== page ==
MCI Imaging specialists have been using a number of imaging techniques to document and help understand the nature of cultural heritage materials. These techniques record variations in scale from micro to macro, two- and three-dimensions, light interactions beyond human vision, and so open up new ways of seeing.
MCI is capable of supporting documentation and research using light microscopes that magnify from 3x to 1000x.
Reflected and Transmitted Darkfield, Brightfield, and Fluorescence Microscopy
The DMRX materials research microscope at MCI is capable of several reflected and transmitted light techniques, in sequence, or simultaneously in some cases. The frame is designed for materials science applications (metallurgy etc.) so large and heavy specimens can be placed on the stage. The translating stage can hold specimens several centimeters high, weighing more than one kilogram and can be rotated through 135°.
The range of magnification for the reflected light techniques is 50x to 500x, measured at the eyepieces. Objectives are 5, 10, 20, 40, and 50x. Through the use of a prism system, brightfield and darkfield illumination conditions can be alternated. The tungsten halogen lamp is the source of reflected light and it is corrected for daylight color temperature using a dichroic mirror. The fluorescence illuminator is either 100W mercury or 150W xenon lamp. The filters span the range from ultraviolet to the violet. The DMRX is also equipped for reflected differential interference contrast (DIC) microscopy.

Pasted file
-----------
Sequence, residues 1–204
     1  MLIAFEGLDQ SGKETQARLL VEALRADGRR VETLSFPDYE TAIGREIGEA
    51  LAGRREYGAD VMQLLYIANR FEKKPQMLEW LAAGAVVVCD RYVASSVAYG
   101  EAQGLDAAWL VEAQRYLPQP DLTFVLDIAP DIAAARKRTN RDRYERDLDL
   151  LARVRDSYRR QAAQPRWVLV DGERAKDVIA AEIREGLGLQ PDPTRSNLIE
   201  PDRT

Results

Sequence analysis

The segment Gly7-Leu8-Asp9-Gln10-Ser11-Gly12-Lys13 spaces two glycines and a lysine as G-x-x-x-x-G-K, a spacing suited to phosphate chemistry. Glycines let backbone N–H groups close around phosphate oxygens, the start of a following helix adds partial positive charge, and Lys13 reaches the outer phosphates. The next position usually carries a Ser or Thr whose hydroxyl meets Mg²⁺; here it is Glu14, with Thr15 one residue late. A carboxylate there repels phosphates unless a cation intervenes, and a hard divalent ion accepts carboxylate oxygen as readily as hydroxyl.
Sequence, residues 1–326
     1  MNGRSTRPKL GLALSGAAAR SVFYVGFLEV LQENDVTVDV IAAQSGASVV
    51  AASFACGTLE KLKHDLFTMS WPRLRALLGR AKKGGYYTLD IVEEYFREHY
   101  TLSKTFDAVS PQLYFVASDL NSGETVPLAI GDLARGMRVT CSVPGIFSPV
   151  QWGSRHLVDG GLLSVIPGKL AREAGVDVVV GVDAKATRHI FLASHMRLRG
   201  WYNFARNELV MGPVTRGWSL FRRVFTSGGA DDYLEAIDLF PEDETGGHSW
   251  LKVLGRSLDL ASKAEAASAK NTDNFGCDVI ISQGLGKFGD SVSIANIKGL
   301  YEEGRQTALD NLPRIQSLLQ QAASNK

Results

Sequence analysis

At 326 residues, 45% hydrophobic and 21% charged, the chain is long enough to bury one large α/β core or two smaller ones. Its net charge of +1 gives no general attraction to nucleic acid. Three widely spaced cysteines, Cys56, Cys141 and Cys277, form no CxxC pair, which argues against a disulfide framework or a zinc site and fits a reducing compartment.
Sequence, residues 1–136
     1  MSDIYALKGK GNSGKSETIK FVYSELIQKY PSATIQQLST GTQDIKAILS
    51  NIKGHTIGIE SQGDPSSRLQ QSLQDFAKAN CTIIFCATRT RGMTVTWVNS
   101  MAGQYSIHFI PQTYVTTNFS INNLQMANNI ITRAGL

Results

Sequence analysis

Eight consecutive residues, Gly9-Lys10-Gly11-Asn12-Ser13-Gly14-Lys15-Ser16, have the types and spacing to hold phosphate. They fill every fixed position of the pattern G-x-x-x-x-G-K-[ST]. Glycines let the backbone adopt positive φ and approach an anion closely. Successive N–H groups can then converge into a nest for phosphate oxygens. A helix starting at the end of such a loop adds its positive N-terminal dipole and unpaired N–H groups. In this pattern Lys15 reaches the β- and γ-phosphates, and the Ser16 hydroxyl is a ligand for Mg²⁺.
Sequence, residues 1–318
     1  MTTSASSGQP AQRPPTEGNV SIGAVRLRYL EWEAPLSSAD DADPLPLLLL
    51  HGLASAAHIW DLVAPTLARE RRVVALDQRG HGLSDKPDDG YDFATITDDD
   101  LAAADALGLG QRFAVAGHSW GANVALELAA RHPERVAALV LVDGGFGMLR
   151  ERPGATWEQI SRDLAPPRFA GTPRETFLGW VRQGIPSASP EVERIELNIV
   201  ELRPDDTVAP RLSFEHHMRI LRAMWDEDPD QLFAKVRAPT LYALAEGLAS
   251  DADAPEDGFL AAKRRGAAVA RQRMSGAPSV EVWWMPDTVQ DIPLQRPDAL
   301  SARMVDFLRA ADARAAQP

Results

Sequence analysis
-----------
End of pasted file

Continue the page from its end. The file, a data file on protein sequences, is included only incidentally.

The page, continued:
The range of magnification for the transmitted light techniques is 25x to 1000x, measured at the eyepieces. Objectives are 2.5x, 5, 10, 20, 40, 50 and 1000x. The tungsten halogen lamp is normally the only source of transmitted light and it is corrected for daylight color temperature using a dichroic mirror. Qualitative polarized light can be used with transmitted light.
Standard laboratory procedures were used to embed and polish samples for microscopy (details of the method and materials can be found in Wachowiak M. J. Efficient New Methods for Embedding Paint and Varnish Samples for Microscopy.
A purpose-built digital camera is used for image acquisition. Camera chip dimensions, as well as pixel count, determine ultimate magnification of image. The camera systems used include Leica EC3 3.1 megapixel, or Leica 420C 7 megapixel 24-bit color systems. The systems are calibrated using a stage micrometer and scale, and x, y and z axis measurements can be made. Image information can be further processed with the Leica Application Suite, including extended depth of field imaging.
MCI uses a highly specialized photomacroscope to produce high quality images (from 3x-115x), including 3D reconstructions, anaglyphs, high dynamic range images, as well as digital movies. The Leica Z16APO also uses the 420C camera listed above. Leica Application Suite suite controls the movement of the camera and optics. The Montage software creates 3D reconstructions from images collected along the z-axis. The Leica 3D view Module allows viewing and exporting 3D images. The Mult-Time Module is used for creating streaming video and movie export.
The microscope is also equipped with a brightfield coaxial illuminator that produces a reflected brightfield effect similar to materials science microscopes. The unique arrangement of the optics allows projections of the light along the optical axis.
The microscope was purchased from funds provided by the Smithsonian Women’s Committee in 2008.
Efficient New Methods for Embedding Paint and Varnish Samples for Microscopy
by Melvin J. Wachowiak Jr.
The Application of X-ray Fluorescence (XRF) Spectrometry in the Characterization of Glass Degradation in Beaded African Art by Maria Fusco and Robert J. Speakman